He snapped out of his reverie as he heard the sound of retreating footsteps. His eyes (and those of the stunned group) followed Mr. Carlyle to the gate, where the man was standing, inspecting the silver surface of his pocket watch. As if feeling the stares settling on his skin, the man glanced up and said, “My father hates to be kept waiting, I’m afraid. We really must be going.” He held Christopher’s gaze, and the look he gave seemed reassuring. Trusting.
Had he imagined it?
Christopher found himself moving forward, though his mind yearned for him to stay. You can confront those fools. You don’t need some stranger to stick up for you. But could he? He stopped, leaves crunching underfoot, and turned to the group, then slowly to the marker. There was no safety near his father anymore. Not while the beasts guarded his grave.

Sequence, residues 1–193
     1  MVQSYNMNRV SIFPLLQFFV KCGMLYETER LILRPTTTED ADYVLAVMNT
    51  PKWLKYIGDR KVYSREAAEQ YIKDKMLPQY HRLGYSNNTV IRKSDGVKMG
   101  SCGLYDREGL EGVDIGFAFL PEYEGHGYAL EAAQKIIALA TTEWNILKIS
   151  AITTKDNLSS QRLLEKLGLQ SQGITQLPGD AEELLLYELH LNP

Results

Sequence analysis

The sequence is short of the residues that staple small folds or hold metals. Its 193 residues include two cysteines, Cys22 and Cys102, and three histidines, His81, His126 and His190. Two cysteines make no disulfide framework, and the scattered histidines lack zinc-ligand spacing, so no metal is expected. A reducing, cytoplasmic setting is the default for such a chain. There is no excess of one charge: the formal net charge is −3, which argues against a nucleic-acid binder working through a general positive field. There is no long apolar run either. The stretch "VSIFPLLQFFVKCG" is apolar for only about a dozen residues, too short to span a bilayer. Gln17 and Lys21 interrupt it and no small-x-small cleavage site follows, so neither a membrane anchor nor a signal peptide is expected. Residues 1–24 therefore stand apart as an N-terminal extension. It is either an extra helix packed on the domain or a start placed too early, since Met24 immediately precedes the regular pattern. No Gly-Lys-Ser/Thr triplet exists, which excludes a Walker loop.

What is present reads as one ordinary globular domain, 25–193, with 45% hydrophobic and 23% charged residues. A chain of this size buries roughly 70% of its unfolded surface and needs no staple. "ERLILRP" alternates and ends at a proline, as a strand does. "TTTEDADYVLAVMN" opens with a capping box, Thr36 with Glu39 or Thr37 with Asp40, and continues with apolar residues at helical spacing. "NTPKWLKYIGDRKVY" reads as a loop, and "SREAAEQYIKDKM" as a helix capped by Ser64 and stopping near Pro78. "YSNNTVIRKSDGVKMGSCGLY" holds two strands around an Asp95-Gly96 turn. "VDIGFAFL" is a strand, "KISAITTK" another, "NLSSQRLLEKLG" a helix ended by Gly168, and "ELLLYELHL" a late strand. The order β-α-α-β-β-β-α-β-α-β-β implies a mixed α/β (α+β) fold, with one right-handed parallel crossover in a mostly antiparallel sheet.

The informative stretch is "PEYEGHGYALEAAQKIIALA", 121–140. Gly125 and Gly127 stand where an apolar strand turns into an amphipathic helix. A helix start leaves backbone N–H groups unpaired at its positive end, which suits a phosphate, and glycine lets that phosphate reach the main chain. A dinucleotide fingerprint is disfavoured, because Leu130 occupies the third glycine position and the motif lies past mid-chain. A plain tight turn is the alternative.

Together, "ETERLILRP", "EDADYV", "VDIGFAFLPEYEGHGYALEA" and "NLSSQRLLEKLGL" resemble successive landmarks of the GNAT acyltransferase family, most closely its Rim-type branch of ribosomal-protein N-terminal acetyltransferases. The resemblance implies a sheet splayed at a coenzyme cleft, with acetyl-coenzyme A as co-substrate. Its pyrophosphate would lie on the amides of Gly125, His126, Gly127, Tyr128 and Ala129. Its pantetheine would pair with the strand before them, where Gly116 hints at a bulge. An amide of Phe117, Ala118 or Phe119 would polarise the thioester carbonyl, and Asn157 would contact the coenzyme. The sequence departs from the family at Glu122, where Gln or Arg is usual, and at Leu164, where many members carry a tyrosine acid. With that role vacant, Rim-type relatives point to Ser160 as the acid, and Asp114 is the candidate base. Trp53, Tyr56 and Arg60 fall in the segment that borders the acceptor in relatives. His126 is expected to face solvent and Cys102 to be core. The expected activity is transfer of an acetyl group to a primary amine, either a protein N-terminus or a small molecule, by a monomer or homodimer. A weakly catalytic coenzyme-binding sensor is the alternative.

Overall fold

So he continued toward the gate, toward the stranger, and outside of the cemetery.